Third, the Australian Competition and Consumer Commission, which administers the Trade Practices Act, has failed to curb the excessive power of the supermarkets, leaving them with the power to bargain down prices to farm industries, many of which now suffer from over production in a deregulated environment.

Fourth, successive governments and many farm peak bodies have backed free trade, including the slashing of tariffs, arguing this would reduce the cost of imported farm inputs. But this has also allowed highly subsidised imports to flood in and erode the domestic market for food and fibre. Politicians want more "downstream value adding" (i.e., manufacturing), but imports are destroying manufacturing.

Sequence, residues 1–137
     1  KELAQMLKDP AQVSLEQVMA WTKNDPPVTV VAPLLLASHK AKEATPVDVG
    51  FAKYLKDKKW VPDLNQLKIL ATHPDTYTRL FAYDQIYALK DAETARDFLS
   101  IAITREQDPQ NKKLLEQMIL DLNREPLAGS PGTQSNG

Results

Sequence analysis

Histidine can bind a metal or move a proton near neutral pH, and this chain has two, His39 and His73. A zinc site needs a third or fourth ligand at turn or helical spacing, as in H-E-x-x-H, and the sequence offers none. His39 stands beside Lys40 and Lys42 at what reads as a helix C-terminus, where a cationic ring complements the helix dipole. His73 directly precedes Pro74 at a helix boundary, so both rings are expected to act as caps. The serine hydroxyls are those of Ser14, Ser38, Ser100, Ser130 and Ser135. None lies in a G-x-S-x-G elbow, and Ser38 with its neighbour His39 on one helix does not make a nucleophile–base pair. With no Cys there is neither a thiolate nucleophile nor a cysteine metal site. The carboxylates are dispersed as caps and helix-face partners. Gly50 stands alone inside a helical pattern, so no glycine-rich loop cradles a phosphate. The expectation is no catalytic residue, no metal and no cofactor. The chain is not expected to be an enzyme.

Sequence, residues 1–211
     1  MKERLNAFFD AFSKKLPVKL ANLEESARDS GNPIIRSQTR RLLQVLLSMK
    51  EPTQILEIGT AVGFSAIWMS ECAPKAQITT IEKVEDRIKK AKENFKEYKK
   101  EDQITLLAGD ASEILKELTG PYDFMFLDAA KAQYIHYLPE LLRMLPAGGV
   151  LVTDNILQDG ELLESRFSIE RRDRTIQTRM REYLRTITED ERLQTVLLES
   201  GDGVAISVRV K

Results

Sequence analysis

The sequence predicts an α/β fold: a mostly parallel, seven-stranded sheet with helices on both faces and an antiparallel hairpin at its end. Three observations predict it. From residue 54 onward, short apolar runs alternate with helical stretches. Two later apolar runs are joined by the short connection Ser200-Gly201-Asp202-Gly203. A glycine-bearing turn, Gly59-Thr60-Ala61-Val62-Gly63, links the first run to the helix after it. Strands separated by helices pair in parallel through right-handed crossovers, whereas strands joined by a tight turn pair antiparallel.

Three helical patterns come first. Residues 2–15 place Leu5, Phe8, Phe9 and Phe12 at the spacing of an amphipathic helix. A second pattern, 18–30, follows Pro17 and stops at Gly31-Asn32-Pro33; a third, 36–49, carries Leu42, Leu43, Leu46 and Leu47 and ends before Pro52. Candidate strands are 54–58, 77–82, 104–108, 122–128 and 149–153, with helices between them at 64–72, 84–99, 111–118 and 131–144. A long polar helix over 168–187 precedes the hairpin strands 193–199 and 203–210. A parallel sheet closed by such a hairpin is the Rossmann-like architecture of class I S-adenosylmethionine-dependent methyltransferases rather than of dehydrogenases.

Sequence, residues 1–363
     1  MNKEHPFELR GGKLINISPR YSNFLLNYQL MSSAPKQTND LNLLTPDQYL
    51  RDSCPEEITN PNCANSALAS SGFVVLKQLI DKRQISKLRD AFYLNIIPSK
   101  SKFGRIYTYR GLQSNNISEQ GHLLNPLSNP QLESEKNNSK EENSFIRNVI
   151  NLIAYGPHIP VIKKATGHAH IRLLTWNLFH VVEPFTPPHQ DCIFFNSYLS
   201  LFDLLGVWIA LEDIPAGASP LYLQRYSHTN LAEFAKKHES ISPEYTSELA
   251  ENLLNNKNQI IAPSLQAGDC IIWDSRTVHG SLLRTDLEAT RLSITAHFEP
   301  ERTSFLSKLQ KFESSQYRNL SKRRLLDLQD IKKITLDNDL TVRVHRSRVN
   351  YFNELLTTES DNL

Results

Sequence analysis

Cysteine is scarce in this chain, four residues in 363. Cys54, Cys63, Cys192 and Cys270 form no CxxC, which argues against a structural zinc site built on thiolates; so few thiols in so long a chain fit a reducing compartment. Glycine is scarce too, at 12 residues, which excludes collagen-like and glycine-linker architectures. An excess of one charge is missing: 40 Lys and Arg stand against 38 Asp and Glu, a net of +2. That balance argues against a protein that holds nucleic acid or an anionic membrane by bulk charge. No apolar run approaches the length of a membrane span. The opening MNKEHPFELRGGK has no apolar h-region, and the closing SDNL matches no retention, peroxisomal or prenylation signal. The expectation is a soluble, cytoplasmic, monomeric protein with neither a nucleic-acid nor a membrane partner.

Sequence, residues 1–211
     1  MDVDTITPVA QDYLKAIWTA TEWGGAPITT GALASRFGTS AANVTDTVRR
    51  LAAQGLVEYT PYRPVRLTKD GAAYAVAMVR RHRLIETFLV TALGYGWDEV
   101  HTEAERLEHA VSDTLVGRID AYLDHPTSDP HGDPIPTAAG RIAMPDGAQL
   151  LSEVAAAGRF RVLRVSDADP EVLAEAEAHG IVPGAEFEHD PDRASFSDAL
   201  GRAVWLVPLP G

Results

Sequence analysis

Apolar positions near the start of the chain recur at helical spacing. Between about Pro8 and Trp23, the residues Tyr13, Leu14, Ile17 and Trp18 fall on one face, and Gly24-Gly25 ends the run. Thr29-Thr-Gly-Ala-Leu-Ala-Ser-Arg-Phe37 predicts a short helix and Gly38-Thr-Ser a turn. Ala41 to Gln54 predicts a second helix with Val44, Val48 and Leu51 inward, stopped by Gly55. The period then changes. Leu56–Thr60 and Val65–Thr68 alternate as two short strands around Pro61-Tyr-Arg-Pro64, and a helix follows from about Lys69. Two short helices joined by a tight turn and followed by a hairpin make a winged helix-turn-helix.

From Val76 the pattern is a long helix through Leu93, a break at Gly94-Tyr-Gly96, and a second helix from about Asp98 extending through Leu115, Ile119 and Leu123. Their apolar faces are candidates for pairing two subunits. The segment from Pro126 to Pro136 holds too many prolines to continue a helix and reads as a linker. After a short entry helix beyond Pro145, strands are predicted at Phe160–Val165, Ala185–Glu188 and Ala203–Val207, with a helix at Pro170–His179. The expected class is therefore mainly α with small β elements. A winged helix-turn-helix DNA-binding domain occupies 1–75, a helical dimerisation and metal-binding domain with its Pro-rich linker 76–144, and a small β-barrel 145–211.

Some farm sectors may have become more "integrated into the world economy", but this has meant that the value adding to their product has shifted offshore. For example, value added meat processing in Australia has been replaced by live animal exports, where the value adding takes place in the Philippines, Indonesia or Saudi Arabia.

Fifth, farmers' water rights are under threat. Farmers need their water rights defined and protected in order to reliably invest in future production. Farmers water rights are under threat from: (a) some states wanting to regularly review farmers' water rights; (b) proposals for a national water trading system that threatens to create a water market where water barons could buy and sell water, forcing up the price of irrigation water; (c) proposals to increase environmental flows down rivers by reducing farmer's water entitlements, which would put farmers into "permanent drought". These moves must be stopped.